Life persists in Ladakh, despite the geographically inhospitable terrain of Ladakh - barren and arid for most of the year and cloaked in snow through winter. The survivors are diverse and unified by their ability to survive such terrain. 

From the Bactrian double humped camels to the mysterious and solitary snow leopard, Ladakh is host to some of the most versatile survivors. 


The Snow Leopard, the 'grey ghost' of the Himalayas, is the main attraction for wildlife enthusiasts in Ladakh. Renowned for its reclusion, the 200 odd snow leopards of Ladakh are becoming increasingly tolerant of people. Each year sightings are breaking records, partly because of conservation efforts, partly thanks to the cunning of wildlife travel agents and their increasingly innovative ways to spot and track.

Snow Leopards cover vast, unforgiving terrain - stalking across glaciers on their own, for much of the year at extremely high altitudes. Males track the scents of females and they unite in February and March for mating season at lower altitudes which provides a good opportunity for sighings. 

 In Ladakh, snow leopard sighting season is from October to mid March.  



Between the Indus valley, Hemis National Park, the wetlands of Tso Miriri and surrounding high altitude lakes, Ladakh has a surprising and varied selection of mammals. 

Amongst these are the exceptional Bactrian double humped camels. They were not native to Ladakh but were used widely along the silk route as well as by the armies of Alexander the Great. Their extra hump provides them with extra stamina which was useful in trade and war. 10 minutes walk from camp is a Double Humped Camel Conservation project run by the government. The camels are treated well and there are very few tourists so you can experience them without any distraction.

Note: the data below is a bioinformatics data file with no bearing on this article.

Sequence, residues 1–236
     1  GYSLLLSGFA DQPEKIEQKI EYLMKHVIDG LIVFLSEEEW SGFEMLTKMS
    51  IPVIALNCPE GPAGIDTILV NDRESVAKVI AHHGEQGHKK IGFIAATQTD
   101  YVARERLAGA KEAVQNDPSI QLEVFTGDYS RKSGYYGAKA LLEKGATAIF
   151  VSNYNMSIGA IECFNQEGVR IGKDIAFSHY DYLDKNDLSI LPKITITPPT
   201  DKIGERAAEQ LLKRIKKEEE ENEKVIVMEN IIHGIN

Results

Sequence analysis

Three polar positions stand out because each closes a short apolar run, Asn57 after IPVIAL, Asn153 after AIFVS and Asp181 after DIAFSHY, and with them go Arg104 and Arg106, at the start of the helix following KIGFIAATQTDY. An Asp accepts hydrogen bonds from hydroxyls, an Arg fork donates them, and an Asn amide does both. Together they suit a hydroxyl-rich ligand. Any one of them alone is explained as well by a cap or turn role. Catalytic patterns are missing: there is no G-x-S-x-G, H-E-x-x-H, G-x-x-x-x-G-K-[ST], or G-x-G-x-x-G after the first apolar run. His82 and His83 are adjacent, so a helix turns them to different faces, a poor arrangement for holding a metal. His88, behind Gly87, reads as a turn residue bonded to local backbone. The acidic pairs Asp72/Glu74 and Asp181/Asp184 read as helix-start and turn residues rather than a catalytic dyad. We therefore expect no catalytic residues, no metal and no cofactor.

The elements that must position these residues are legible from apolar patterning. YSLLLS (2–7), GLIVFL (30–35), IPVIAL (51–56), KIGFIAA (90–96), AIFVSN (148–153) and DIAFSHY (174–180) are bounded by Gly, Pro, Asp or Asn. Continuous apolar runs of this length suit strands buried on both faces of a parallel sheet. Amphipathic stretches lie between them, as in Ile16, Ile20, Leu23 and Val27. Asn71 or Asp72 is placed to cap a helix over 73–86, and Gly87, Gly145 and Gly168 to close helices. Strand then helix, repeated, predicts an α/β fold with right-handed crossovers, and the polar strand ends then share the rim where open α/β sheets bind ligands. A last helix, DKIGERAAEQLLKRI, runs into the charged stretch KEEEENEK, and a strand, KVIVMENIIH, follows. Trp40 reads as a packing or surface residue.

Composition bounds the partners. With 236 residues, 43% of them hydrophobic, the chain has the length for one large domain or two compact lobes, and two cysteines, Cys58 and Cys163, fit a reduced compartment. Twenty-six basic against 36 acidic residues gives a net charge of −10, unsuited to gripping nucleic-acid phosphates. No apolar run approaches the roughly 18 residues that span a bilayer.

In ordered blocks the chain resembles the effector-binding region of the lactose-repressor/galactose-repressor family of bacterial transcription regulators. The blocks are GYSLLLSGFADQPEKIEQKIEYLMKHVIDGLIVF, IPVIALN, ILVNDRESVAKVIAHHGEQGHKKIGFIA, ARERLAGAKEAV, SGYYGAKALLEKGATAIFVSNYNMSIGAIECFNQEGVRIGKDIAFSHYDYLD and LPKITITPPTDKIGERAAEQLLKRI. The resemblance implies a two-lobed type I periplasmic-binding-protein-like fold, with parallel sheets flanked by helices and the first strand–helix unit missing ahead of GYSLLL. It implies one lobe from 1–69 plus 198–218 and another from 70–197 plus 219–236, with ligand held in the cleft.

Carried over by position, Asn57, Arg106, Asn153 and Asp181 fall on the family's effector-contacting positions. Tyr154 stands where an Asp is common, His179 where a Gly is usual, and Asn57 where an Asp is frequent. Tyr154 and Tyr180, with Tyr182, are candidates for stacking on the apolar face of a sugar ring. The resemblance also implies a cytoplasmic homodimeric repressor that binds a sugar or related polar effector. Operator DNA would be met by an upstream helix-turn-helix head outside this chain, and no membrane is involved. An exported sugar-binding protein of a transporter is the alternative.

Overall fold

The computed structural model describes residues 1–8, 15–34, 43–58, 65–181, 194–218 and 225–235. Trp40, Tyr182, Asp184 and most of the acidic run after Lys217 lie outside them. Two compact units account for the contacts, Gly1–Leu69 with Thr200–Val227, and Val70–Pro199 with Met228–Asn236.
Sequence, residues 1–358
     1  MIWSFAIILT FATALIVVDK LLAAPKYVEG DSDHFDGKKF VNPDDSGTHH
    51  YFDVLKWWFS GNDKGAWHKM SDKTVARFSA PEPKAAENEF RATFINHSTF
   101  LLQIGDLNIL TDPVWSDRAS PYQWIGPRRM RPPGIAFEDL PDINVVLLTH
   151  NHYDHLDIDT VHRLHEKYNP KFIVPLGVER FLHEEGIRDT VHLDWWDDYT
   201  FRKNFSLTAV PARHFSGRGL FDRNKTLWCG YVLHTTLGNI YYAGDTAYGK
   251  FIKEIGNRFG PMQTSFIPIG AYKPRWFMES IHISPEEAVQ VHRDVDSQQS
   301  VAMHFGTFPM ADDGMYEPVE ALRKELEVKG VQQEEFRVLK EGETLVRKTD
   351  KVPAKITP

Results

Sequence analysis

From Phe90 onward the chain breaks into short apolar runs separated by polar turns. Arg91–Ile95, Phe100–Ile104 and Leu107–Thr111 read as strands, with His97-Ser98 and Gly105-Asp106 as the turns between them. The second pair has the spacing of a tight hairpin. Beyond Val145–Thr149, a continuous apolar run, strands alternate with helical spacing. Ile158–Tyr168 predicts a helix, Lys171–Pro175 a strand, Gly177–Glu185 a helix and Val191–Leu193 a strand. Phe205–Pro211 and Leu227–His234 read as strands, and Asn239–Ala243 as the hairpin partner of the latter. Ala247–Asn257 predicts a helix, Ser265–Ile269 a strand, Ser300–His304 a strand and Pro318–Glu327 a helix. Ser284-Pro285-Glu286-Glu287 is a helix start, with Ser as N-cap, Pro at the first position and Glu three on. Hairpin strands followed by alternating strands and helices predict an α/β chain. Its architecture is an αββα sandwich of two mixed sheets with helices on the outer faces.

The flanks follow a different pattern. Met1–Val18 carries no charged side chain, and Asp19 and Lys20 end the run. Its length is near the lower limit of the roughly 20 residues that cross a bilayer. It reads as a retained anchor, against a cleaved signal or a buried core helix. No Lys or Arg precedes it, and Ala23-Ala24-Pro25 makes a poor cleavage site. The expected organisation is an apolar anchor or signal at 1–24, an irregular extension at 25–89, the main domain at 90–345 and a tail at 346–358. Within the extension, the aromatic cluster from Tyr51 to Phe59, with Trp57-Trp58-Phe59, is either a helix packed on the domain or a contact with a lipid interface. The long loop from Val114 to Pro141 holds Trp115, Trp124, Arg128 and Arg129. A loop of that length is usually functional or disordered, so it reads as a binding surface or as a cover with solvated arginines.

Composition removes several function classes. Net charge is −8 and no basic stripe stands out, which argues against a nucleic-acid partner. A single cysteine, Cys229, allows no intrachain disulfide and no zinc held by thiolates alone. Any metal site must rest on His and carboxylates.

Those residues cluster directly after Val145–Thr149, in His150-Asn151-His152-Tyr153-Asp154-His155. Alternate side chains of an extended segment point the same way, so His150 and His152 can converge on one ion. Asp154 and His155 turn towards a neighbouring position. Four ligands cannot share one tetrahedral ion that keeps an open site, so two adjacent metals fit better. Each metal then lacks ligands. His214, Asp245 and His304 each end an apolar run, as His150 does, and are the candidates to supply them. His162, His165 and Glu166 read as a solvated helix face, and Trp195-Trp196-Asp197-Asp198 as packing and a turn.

The Hemis National Park is home to the most varied selection of species including Marmots, Blue Sheep (neither blue nor sheep), Red Foxes, Ibex, Tibetan Antelopes, Pallas's cats, Tibetan Wild Asses amongst others. 

The Markha Valley trek is the perfect way to experience this wildlife amidst breathtaking scenery.


Despite the territory, Ladakh has an incredible diversity of birds, with over 300 species recorded. Many are breeding migrants and so their presence is highly seasonal while others breed at high altitude and descend in winter when Ladakh faces brutal temperatures as cold as -30 degrees.

The Indus River, Tso Miriri and the other high altitude water bodies give life to the birds of Ladakh. The patch of the Indus river between Choglamsar and Shey that our camp lies on is regarded as one of the best birdwatching spots. The best months for birding in Ladakh are March to May when the breeding summer migrants arrive but you can expect a wide variety of bird species in Ladakh until October/November. 

Ladakh was shut off for many years to outsiders and even then it remained fairly inaccessible. Otto Pfister recently provided the first comprehensive inventory of wildlife in his excellent book Birds and Mammals of Ladakh. Below is an exhaustive list of birds spotted in the region by Otto Pfister from the link here